The other raised a hand in an almost perfect mirror to Oske’s gesture, and the path before them and behind them vanished. The three came to an immediate stop.
“This is… concerning.” Hoenir remarked. Lodurr remained silent.
Oske acted as if nothing was amiss. “To whom am I addressing.”
The other took several steps forward. An alfar, presenting as female. She smiled. “I am brewmaster to the House of the mighty weaver. And what are you called, grey traveler.”
“The voice of opposition, they call me, and thirsty I come from a hard journey to your hall. I wait for your welcome, for long have I traveled with my wayfarers, Strong Who Serves and that which blazes.”
“This is the house of Endings, traveler. Fools who enter, never leave.”
“Is it the fool who seeks the simple comfort of a mug in a house of plenty?”
“What force compels the wise to tread to the end of the world?”
“Why, ill fortune, is its name!” Oske smiled. “And it can lead wise or foolish alike to their end. But who will sort the wise from the fools, the guest or the host’s sage gray?”
“Should you stand there on the hall’s great floor or let a seat bear your weight, what do you offer for the privilege of keeping your tongue?”
Oske smiled and slapped his hands against his chest. “Why nothing less than ourselves, our company, and the stories we hold just past these parched lips.”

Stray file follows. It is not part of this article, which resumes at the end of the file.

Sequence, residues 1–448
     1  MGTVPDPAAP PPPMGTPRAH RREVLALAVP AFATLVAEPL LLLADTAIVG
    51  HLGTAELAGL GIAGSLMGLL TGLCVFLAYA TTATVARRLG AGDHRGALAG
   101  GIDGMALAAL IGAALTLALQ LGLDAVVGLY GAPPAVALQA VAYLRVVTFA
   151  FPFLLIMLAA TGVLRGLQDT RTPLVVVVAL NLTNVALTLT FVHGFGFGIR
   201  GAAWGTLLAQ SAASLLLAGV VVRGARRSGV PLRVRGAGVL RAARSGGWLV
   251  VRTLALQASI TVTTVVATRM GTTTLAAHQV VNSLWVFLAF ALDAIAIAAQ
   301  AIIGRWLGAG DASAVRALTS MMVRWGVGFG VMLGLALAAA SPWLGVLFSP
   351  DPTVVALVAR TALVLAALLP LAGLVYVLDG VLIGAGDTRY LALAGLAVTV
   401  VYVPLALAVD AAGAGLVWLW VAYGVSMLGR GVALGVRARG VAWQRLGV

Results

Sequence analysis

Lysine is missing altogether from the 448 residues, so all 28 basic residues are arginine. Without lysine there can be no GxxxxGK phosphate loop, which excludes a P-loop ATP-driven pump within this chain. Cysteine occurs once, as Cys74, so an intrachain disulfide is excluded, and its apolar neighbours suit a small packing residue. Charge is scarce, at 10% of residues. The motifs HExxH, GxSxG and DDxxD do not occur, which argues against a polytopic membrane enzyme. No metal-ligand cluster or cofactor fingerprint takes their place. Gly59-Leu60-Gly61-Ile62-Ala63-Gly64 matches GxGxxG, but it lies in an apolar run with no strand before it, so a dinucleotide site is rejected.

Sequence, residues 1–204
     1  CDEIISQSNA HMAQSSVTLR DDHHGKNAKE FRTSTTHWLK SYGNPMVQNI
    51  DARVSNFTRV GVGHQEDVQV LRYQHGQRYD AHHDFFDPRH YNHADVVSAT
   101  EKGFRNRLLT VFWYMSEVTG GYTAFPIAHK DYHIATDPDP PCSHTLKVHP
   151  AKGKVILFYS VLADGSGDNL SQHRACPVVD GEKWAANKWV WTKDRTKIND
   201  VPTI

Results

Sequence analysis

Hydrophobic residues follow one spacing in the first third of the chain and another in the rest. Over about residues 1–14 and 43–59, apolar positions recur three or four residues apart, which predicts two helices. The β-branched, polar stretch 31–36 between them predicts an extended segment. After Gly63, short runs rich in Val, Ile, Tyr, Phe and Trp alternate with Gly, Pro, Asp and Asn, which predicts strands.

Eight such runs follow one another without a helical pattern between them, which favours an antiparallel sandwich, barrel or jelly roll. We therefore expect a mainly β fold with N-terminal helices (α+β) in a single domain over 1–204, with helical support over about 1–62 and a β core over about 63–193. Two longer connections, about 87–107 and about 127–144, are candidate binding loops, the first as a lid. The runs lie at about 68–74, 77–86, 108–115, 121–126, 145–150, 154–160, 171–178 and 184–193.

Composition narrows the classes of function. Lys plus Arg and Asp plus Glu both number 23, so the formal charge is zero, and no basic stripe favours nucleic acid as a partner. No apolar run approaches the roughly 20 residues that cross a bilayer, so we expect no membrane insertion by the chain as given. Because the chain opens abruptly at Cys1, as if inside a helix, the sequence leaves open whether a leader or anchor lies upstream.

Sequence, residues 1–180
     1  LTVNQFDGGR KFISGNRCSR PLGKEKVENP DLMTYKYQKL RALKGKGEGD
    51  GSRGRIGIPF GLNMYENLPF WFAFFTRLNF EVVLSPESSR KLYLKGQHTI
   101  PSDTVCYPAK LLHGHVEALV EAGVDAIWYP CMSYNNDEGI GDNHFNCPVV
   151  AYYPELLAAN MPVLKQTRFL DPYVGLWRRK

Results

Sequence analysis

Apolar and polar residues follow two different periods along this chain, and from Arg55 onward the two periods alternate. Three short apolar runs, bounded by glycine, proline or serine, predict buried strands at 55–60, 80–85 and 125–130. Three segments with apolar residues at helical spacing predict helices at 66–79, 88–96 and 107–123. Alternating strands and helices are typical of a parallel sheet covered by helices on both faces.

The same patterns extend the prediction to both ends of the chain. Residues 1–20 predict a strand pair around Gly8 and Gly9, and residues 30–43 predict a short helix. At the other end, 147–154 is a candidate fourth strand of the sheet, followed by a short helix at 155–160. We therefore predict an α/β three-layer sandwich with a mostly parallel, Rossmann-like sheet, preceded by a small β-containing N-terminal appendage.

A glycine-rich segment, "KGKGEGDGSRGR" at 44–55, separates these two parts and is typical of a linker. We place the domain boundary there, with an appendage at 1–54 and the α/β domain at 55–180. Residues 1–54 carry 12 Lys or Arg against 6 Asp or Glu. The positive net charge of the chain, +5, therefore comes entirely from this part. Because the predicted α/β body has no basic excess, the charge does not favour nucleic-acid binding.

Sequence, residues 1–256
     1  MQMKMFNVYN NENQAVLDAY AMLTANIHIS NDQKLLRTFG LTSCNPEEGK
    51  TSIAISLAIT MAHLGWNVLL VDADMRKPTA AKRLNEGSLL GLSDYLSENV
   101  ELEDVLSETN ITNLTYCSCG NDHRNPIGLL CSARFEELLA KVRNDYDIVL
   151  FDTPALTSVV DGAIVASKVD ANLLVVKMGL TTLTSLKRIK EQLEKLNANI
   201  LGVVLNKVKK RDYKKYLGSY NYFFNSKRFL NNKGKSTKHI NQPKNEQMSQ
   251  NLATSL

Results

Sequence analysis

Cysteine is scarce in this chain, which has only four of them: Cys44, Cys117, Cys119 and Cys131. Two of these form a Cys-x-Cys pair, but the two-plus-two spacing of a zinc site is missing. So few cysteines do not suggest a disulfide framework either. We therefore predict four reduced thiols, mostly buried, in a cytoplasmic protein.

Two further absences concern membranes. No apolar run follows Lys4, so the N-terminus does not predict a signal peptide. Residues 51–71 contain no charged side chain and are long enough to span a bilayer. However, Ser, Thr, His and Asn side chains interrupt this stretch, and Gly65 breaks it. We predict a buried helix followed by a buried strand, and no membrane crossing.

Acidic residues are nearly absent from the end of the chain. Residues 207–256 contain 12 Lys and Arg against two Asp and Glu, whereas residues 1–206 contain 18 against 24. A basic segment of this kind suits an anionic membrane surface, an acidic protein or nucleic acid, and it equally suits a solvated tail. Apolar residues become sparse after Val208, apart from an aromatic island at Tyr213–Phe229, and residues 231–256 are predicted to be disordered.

The brewmaster smiles. “I think your companions would blanch at the thought of lives offered so cheaply. For the opportunity to take your head, the price is paid. The old ways of guest and host hold here at the end of all things.” She tapped the plank in front of her and the missing planks reappeared. “You are welcome in our house. Come.”
The inside of the hall was blood warm and moist. Their furs and packs were taken, placed aside in a nook, packed behind fresh straw. Food was brought; a brothy, herbed soup and stone ground rye flatcakes. There was no place for them to sit, not until the master of the house entered the room.
“Little wind!” Ivaldi exclaimed and he embraced Lodurr. “How were your travels among my children.”